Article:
• The stores are packed for days before each holiday in every neighborhood – religious, non-observant, mixed, upscale, downscale, north, south and center
  • The Machane Yehuda (and every other) shuk is a madhouse before each holiday
  • And every food store competes for the lowest honey prices.
  • Ashkenazim, like me, in the markets are trying hopelessly to identify the symbolic foods for the nights of Rosh Hashana. There seems to be an endless number of them according to the Yerushalmi custom – like the Sephardic custom – and they have been adopted by many Ashkenazim, including my family (I just cannot remember which is which).
  • There is an eerie quiet on Yom Kippur. No transportation from erev Yom Kippur till after the fast, silence in the normally bustling streets.
  • There is little fresh produce at the beginning of Chol Hamoed, probably because the IDF closure prevents Arab drivers from transporting vegetables and everyone else is not working.
  • Almost everyone is on vacation during Chol Hamoed and the traffic is impossible, but  no one stays home.
  • There are wonderful things to do, all planned especially for the national vacation days of Chol Hamoed.  From balloon exhibitions to Torah lectures, festivals and an IDF special program, museum exhibits – something for every family's taste, all over the country. Radio, newspapers, social media are filled with suggestions for enjoying the holiday.
  • The festive atmosphere is palpable before Sukkot if you go to the many areas where the Four Species are sold – more accurately, hawked – and sukkahs – prefab or from scratch – are for sale. Don't try to find parking.
  • Tens of thousands stream to the kotel for a mass Birkat Kohanim, Priestly blessing, on Chol Hamoed. Hoshana Rabba is just as crowded. The air is filled with holiness.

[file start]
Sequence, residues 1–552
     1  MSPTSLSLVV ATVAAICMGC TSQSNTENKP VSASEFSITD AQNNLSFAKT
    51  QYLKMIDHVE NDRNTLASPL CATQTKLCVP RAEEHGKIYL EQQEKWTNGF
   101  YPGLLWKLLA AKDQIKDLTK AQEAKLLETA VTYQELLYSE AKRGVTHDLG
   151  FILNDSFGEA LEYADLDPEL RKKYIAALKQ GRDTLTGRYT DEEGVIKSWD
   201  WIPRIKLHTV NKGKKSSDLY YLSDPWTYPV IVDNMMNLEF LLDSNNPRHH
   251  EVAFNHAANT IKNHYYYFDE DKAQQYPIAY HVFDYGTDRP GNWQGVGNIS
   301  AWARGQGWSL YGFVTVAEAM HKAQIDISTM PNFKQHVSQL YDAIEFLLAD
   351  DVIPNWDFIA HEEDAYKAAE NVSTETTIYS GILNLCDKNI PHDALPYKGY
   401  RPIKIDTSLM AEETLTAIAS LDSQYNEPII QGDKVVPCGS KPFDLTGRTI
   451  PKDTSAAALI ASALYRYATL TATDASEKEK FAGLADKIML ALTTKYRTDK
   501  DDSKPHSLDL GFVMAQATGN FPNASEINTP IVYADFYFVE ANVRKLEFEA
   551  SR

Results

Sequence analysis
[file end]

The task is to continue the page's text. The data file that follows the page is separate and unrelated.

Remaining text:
Nu?  What's keeping you in galut (exile)?

You can choose your Simchat Beit Hashoeva every night.. Simchat Beit Hashoeva dancing at Merkaz Harav Yeshiva can be seen on a screen outside the building for the crowds who cannot possibly fit into the packed yeshiva, where VIP and MKs join the rabbis and students in dance.  This year, along with all the candidates for the approaching Jerusalem elections, rabbis danced with torches in memory of those juggled by Torah sages at the Beit Hamikdash celebrations.

Hakafot Shniot are the place to be after havdala on Shmini Atzeret, the last day of the holiday. They take the place of the second day celebrated in the Diaspora – but since the holiday is over for Israelis, there are bands and the music is heard all over the country, from north to south, from Kfar Chabad to Rabin Square.

Yes the best-selling book "Start-up Nation" shows how the innovative minds of Israelis have made the tiny Jewish state an international leader in the world of hi-tech, agriculture, pharmaceuticals, the sciences and more.

But not every idea that makes Israel special is international. Some don't even make it to the local media.  An entire genre of innovation and creativity has emerged that focuses on Torah observance in the Jewish state Sometimes you have to need it to find out about it and sometimes it is staring right at you. Either way, it succeeds in making your heart leap and your throat catch.

And that brings us to a unique Israeli non-start–up, but you have to live here (nu?)  to realize that during this entire season no new project can be begun. Forget the new shelving or having the doors you purchased installed. The ubiquitous response is "acharei hachagim" – after the holidays!  Did I mention that this is the Jewish state and the whole country is on vacation? That includes workmen. Good for a laugh – or a sigh because once the holidays are over, you have to wait your turn.

So come live here already – just don't make aliyah over the High Holydays unless you want to put up those shelves by yourself! Or maybe you know how to put up mine?